Sobotka, whose left-leaning Social Democrat-led government was sworn into office Jan. 29, told a Parliamentary hearing Thursday he is opposed to guaranteeing the purchase price of electricity generated at the expanded plant by utility CEZ, Czech Radio reported.
CEZ issued a tender under the previous center-right government of Prime Minister Petr Necas to add two new reactors at Temelin as part of a $15 billion upgrade, saying the price guarantees were necessary to make the expansion economically feasible.
The tender, however, is being scrutinized by the European Commission as a possible violation of antitrust law after the French company Areva appealed CEZ's decision to exclude it, leaving Westinghouse of the United States and a consortium including Russia's Atomstroyexport as the remaining bidders.
Brussels is generally skeptical of government price supports for nuclear power projects and is probing a similar deal granted to the French company EDF by the British government for a new plant at Hinkley Point.
"The new government is not willing to provide guarantees for the purchase of electricity prices, which could in the next few decades dramatically burden homes and businesses with increased payments due to the need to finance the completion of the power plant," Sobotka said during questioning in Parliament.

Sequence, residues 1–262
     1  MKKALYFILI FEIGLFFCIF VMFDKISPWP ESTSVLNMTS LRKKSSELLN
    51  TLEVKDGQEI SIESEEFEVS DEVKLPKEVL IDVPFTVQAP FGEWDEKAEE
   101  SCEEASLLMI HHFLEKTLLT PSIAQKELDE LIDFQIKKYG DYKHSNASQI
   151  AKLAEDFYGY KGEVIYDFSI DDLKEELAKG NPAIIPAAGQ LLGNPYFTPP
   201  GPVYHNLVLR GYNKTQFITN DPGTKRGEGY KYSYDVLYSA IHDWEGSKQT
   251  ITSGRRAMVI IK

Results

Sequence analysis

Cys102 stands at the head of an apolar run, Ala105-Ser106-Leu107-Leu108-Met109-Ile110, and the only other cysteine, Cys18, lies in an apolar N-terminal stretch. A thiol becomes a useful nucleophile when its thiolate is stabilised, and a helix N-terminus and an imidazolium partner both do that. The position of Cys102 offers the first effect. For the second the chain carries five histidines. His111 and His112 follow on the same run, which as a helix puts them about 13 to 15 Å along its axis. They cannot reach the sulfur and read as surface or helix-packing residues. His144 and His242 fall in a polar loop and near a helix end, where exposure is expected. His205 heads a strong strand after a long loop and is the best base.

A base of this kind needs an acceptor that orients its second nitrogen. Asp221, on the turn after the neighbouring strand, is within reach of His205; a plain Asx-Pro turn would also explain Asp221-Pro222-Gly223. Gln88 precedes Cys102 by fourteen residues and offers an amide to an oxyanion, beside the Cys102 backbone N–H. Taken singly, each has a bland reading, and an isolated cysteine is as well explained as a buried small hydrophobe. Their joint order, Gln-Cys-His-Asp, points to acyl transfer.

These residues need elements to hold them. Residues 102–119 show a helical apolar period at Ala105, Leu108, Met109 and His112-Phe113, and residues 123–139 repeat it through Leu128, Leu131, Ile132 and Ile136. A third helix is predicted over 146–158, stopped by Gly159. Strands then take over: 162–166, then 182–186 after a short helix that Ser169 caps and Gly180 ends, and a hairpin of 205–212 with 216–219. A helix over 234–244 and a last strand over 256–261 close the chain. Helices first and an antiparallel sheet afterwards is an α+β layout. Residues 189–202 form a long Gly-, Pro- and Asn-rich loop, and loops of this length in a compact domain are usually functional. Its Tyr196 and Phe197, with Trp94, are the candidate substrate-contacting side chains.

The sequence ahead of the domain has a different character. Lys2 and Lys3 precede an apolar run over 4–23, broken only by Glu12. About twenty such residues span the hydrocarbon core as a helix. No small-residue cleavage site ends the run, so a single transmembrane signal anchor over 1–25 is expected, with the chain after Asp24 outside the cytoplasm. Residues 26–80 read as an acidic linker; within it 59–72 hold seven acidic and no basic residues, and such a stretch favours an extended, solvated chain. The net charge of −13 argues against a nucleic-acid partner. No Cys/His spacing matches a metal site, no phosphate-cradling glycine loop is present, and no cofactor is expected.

The premier said the new cabinet is still considering whether to scrap the existing tender, further fueling doubt the expansion will happen at all. He indicated the government will include the discussions of the Temelin tender situation this week as it reviews its stance on the EU's climate package and the country's overall energy policy.
The announcement came two weeks after Sobotka told Radio Prague he wasn't interested in following the British model of "contracts for difference" at the Hinkley Point project, saying it would put too big a burden on Czech electricity consumers.
With electricity prices falling in recent years due to lower European demand and EU obligations to use electricity from renewable sources, CEZ has voiced concerns the project might not make economic sense.
The cost of electricity generated at Temelin after the expansion would likely be about double the current wholesale price with either taxpayers or consumers being counted on to make up the difference.
The uncertainty has led CEZ to put off the expansion plans until mid-2015.
CEZ General Director Daniel Benes said earlier the company won't sign a contract for the completion of Temelin until the state agrees to a guaranteed purchase price for electricity or institutes some other type of subsidy scheme.
He told the daily newspaper Lidove Noviny low prices are not necessarily a condition for the completion of the plant and negotiations with bidders are continuing.
Michal Snobr, an energy analyst at the Czech investment firm J&T Banka, told the Prague Post he didn't believe it's possible to continue with the old Temelin tender.
"The government and the management of CEZ, they only want to find a way to stop this tender, because it's not right, it's not time to continue right now," he said. "My opinion is that to stop this tender is the only way to save some chance of developing a nuclear power station in the Czech Republic in future, because if CEZ continues with the tender, there's a big risk the European Commission will cancel everything."